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End-to-End Blind Image Quality Assessment Using Deep Neural Networks

End-to-End Blind Image Quality Assessment Using Deep Neural Networks

Abstract:

We propose a multi-task end-to-end optimized deep neural network (MEON) for blind image quality assessment (BIQA). MEON consists of two sub-networks—a distortion identification network and a quality prediction network—sharing the early layers. Unlike traditional methods used for  training multi-task networks, our training process is performed in two steps. In the first step, we train a distortion type identification sub-network, for which large-scale training samples are readily available. In the second step, starting from the pretrained early layers and the outputs of the first sub-network, we train a quality prediction sub-network using a variant of the stochastic gradient descent method. Different from most deep neural networks, we choose biologically inspired generalized divisive normalization (GDN) instead of rectified linear unit as the activation function. We empirically demonstrate that GDN is effective at reducing model parameters/layers while achieving similar quality prediction performance. With modest model complexity, the proposed MEON index achieves state-of-the-art performance on four publicly available benchmarks. Moreover, we demonstrate the strong competitiveness of MEON against state-of-the-art BIQA models using the group maximum differentiation competition methodology.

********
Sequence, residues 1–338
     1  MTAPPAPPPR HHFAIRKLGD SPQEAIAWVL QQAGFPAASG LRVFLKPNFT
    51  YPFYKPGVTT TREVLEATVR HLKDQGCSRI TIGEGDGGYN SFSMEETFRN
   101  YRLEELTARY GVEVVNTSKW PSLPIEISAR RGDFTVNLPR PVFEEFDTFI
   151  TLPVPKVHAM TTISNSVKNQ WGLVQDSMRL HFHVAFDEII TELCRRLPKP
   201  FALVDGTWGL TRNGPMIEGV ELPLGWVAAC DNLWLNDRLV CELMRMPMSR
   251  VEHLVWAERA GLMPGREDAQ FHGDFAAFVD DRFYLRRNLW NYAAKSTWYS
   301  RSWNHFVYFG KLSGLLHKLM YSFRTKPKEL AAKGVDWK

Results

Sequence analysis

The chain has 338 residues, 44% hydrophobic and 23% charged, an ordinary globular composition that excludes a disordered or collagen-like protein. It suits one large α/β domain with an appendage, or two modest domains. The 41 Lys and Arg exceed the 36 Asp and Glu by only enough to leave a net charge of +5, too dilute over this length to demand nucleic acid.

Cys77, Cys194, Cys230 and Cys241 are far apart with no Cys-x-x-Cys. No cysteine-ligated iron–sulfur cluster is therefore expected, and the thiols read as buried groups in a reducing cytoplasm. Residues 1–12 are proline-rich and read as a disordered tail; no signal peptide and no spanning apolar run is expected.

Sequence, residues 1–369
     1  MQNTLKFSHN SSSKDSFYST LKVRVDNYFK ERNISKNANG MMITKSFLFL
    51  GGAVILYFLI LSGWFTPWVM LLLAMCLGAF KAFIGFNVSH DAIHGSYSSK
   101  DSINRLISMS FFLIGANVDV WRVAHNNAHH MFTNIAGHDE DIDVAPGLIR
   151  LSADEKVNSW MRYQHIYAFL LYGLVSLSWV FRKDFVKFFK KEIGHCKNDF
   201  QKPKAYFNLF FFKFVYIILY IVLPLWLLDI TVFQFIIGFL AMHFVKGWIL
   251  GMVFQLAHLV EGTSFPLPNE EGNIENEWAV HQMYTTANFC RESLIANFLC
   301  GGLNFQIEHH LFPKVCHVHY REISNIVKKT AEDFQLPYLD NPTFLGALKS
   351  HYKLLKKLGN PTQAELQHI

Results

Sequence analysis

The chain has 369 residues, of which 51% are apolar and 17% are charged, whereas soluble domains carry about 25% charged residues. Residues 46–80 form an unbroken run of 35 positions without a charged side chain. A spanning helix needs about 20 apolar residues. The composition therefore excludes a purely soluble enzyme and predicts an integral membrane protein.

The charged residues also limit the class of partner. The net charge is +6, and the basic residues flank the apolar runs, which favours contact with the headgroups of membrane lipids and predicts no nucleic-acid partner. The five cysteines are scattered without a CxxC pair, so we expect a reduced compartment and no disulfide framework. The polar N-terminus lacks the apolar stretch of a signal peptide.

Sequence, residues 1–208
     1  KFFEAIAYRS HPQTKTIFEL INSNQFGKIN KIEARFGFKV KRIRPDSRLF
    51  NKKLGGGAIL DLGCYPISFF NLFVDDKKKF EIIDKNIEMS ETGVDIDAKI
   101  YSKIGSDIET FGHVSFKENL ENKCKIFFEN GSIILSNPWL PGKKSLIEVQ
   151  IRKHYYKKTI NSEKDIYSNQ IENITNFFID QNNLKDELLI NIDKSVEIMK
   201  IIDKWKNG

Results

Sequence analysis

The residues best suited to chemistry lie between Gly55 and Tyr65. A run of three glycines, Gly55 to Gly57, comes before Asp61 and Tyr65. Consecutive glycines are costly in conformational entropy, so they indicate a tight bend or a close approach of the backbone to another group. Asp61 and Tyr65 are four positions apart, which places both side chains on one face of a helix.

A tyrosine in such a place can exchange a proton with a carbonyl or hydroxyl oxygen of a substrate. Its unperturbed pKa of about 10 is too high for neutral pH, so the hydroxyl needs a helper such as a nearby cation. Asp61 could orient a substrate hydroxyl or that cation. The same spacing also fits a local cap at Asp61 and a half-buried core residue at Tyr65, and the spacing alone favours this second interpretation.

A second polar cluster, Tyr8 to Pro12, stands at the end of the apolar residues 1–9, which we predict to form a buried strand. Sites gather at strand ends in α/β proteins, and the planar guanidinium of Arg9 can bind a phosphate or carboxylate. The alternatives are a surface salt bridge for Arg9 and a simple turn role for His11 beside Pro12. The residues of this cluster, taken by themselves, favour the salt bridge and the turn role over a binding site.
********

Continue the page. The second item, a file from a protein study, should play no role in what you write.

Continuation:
Existing System:

DNN has shown great promises in many vision tasks, end-to-end optimization of BIQA is challenging due to the lack of sufficient ground truth samples for training. Note that the largest subject-rated image quality assessment (IQA) database contains only 3, 000 annotations, while digital images live in a space of millions of dimensions. Previous DNN-based BIQA methods tackle this challenge in three ways. Methods of the first kind directly inherit the architectures and weights from pre-trained networks for general image classification tasks followed by fine-tuning. The performance and efficiency of such networks depend highly on the generalizability and relevance of the tasks used for pre-training.

The second kind of methods work with image patches by assigning the subjective mean opinion score (MOS) of an image to all patches within it. This approach suffers from three limitations. First, the concept of quality without context (e.g., the quality of a single 32 × 32 patch) is not well defined.

Second, local image quality within context  varies across spatial locations even when the distortion is homogeneously applied. Third, patches with similar statistical behaviors (e.g., smooth and blurred regions) may have substantially different quality [20]. Methods of the third kind make use of full-reference IQA (FR-IQA) models for quality annotation. Their performance is directly affected by that of FR-IQA models, which may be inaccurate across distortion levels and distortion types.

Other methods for generating training data involve the creation of synthetic scores  and discriminable image pairs (DIP), both of which rely on FR-IQA models and may suffer from similar problems.

Proposed System:

We believe the performance improvement arises because 1) the proposed novel learning framework has the quality prediction subtask regularized by the distortion identification subtask; 2) images instead of patches are used as inputs to reduce the label noise; 3) the pre-training step enables the network to start from a more task-relevant initialization, resulting in a better local optimum.

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